Nearly half of Americans believe a credit score and a credit report are the same thing, according to a study by the American Bankers Association. That’s a big problem because it means many of us are seriously misinformed about how the credit system works.
Since credit is such an integral part of our financial ecosystem, it affects nearly all of us at some point in our lives. Your credit health can determine not only your access to credit and the cost of using credit but also employment opportunities, housing options, and more. Not understanding how credit works, therefore, can have serious consequences.
We want to help address this problem by making it easy to understand what your credit report is and why it’s important, the difference between your credit report and credit score, how to get a free credit report, and how to dispute errors on your credit report.
A credit report is a detailed report on your credit history prepared by a credit reporting agency, also known as a credit bureau. The three main credit bureaus are Experian, Equifax, and TransUnion, and we will discuss the process for getting your credit reports from each bureau below. What is in your credit report can be different for each bureau, since they are private companies that do not share information.
Your credit report is important because the information it contains is used to calculate your credit scores, which lenders use to evaluate your credit risk when deciding whether or not to issue you credit. Insurance providers, landlords, and even utility providers may also look at your credit score.
In addition, a significant percentage of employers do credit checks on prospective employees, so a credit report with derogatory items on it could potentially cost you your dream job.
For these reasons, it’s important to be aware of what is in your credit report.
Credit reports contain identifying information such as your name, social security number, and current and previous addresses. They also contain a detailed summary of your credit history, which includes items such as the following:
|Credit Report||Credit Score|
|Prepared by each of the major credit bureaus||Many different credit scores|
|A list of all your credit accounts and related personal information||A three-digit number between 300 and 850 meant to represent your creditworthiness|
|Information in your credit report is used to calculate your credit score||Reflects the information in your credit report|
|You are legally entitled to get a free credit report from each bureau once a year||You are not legally entitled to check your credit score for free (although some credit card companies may offer this to customers)|
|Does not include your credit score||Does not include information on your credit history|
While this is a common misconception, you can rest assured that checking your credit report won’t lower your credit score. Checking your own credit is what’s known as a “soft inquiry” or “soft pull,” which doesn’t hurt your credit. “Hard” inquiries can ding your score, but these are used by creditors when making lending decisions, not for checking your own credit report.
By law, everyone is entitled to receive one free credit report from each of the three major credit bureaus once every 12 months. You can order all three at the same time or order each individual report one at a time.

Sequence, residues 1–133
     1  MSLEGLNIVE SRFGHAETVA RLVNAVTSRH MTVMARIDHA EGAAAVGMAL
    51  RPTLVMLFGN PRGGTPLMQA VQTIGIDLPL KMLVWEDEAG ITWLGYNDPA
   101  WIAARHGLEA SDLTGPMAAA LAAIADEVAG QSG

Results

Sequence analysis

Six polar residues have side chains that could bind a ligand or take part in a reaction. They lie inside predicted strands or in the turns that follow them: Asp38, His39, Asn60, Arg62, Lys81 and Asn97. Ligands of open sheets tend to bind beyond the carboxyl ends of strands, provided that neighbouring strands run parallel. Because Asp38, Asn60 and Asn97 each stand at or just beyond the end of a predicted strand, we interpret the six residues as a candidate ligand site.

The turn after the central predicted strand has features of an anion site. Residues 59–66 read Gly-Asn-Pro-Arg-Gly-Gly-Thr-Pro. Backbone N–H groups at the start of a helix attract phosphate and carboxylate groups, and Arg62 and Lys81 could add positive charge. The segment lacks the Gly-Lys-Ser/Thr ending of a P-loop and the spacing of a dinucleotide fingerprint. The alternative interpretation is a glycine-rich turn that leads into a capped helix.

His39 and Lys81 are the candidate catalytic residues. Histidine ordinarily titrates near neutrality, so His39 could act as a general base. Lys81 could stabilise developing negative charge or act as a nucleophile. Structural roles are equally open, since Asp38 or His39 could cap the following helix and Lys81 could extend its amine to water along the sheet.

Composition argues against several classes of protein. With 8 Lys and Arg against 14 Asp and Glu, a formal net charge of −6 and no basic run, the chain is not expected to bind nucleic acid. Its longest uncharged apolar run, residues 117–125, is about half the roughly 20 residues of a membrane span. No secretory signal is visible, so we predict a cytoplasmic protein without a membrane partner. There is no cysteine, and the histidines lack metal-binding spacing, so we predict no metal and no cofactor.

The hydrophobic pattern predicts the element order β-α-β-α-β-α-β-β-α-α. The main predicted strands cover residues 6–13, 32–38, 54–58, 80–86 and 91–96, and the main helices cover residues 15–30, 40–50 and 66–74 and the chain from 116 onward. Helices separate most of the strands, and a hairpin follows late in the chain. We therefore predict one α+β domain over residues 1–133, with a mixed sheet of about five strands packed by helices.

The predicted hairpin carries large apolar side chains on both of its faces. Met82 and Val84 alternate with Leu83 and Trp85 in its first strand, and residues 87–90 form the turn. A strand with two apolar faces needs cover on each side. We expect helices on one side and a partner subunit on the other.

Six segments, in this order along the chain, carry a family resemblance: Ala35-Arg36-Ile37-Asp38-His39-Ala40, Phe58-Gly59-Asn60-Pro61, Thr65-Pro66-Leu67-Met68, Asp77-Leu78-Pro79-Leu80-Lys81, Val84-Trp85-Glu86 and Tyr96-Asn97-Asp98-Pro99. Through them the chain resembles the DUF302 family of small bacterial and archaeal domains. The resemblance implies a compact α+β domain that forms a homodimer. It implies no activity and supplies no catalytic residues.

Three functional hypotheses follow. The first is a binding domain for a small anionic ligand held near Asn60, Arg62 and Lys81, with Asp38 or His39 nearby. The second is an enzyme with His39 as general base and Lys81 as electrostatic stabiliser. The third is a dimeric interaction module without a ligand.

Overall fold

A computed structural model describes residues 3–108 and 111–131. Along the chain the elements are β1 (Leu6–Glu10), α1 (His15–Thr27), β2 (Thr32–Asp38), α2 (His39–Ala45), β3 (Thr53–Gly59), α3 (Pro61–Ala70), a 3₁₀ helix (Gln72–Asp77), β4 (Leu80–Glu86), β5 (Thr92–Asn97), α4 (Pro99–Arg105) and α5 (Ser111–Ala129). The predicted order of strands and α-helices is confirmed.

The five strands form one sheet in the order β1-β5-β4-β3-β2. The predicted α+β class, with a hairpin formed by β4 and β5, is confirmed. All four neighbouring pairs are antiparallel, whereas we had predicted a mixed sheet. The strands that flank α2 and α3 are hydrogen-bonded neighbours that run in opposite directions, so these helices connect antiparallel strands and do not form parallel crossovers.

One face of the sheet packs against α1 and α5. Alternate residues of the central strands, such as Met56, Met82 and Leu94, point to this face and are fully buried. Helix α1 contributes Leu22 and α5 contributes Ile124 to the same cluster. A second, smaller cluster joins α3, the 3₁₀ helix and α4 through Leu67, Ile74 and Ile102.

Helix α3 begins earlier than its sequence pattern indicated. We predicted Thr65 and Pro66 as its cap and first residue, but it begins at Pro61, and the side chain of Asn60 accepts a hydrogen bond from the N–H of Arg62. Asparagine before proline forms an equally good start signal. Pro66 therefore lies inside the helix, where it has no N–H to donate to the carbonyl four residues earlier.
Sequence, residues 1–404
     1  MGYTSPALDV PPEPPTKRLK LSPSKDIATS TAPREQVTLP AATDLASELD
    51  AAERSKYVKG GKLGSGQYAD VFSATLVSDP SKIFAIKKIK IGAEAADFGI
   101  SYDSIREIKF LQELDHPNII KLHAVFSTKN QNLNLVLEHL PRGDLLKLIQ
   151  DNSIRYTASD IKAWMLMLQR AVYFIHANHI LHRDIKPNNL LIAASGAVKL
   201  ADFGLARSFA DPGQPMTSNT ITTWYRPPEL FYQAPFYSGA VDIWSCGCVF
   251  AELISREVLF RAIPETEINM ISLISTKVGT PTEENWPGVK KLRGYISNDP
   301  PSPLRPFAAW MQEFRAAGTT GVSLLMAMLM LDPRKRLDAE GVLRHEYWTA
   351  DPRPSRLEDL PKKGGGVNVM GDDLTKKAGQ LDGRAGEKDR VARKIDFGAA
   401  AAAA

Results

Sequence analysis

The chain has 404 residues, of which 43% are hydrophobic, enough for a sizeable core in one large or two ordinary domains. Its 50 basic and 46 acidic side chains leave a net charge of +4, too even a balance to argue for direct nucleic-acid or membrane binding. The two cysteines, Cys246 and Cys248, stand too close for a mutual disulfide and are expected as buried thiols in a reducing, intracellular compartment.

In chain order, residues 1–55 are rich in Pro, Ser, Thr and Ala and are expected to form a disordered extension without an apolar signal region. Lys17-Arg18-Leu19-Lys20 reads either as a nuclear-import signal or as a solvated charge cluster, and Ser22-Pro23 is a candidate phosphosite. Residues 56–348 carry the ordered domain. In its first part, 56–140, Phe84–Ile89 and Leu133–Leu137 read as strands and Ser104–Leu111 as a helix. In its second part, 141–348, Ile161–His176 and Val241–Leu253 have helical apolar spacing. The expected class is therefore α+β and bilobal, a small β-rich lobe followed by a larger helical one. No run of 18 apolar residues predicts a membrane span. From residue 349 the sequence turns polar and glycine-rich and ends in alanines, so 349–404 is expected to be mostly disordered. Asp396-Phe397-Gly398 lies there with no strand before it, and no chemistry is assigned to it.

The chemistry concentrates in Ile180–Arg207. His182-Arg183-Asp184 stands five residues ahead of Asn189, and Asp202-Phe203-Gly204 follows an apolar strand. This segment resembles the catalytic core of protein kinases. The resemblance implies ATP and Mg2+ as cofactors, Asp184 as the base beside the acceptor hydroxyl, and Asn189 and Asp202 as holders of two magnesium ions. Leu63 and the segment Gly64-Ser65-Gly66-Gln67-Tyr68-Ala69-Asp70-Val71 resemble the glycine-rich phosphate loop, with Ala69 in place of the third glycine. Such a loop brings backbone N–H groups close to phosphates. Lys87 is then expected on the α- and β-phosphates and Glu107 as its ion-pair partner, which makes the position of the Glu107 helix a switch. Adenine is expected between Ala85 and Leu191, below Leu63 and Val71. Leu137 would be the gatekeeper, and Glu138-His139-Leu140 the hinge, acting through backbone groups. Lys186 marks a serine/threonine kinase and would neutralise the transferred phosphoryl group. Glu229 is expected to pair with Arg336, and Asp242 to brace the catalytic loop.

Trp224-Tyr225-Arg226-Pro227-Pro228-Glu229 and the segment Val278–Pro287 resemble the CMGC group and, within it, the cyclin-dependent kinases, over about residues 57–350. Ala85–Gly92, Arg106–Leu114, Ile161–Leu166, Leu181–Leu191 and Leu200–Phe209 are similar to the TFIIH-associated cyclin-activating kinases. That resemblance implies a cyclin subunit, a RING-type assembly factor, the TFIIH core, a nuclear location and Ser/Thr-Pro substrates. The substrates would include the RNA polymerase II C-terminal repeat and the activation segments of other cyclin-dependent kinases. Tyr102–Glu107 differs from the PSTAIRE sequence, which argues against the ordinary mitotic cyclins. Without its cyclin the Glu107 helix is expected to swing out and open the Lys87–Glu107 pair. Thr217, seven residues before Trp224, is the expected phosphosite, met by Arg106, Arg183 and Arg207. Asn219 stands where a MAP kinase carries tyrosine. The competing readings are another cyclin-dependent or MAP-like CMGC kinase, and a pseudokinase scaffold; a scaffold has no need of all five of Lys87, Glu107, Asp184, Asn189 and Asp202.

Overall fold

If you haven’t looked at your credit reports before, then it may be a good idea to check all three of them at one time so that you can find and solve any errors immediately.
Some people like to spread out checking their credit reports by getting a free credit report from a different bureau every four months. That way, they can regularly check their credit reports for errors and inconsistencies. Jim Wang at WalletHacks calls this the “waterfall method.”
To use this method, all you have to do is set up calendar reminders to check one of your credit reports about every four months. For example, you could check your Equifax credit report in January, your TransUnion credit report in May, and your Experian credit report in October. Then, you would just repeat this pattern every year.
Your credit reports from the three major credit bureaus may be slightly different, due to each bureau having access to different data sets from creditors. Each credit bureau is a private, for-profit company, and they don’t share information, so you could have errors on one of your credit reports but not the others. That’s why you should pull all three of your credit reports at once if you have never looked at them before.
However, for the most part, they should look pretty similar, especially if you have already corrected anything that was reported inaccurately. Therefore, as long as you have seen each of your credit reports before and addressed any issues, the waterfall method can be a good way to routinely monitor your credit throughout the year.
The process for retrieving your free weekly credit reports remains the same. Go to annualcreditreport.com to view yours.
Although it might be overkill to check your credit reports every single week, it is a good idea to check them at least once a month, as stated by credit expert John Ulzheimer. So be sure to take advantage of this opportunity to check your credit reports more frequently. This will allow you to catch fraud or mistakes on your credit report early and get them resolved quickly, before they take a toll on your finances.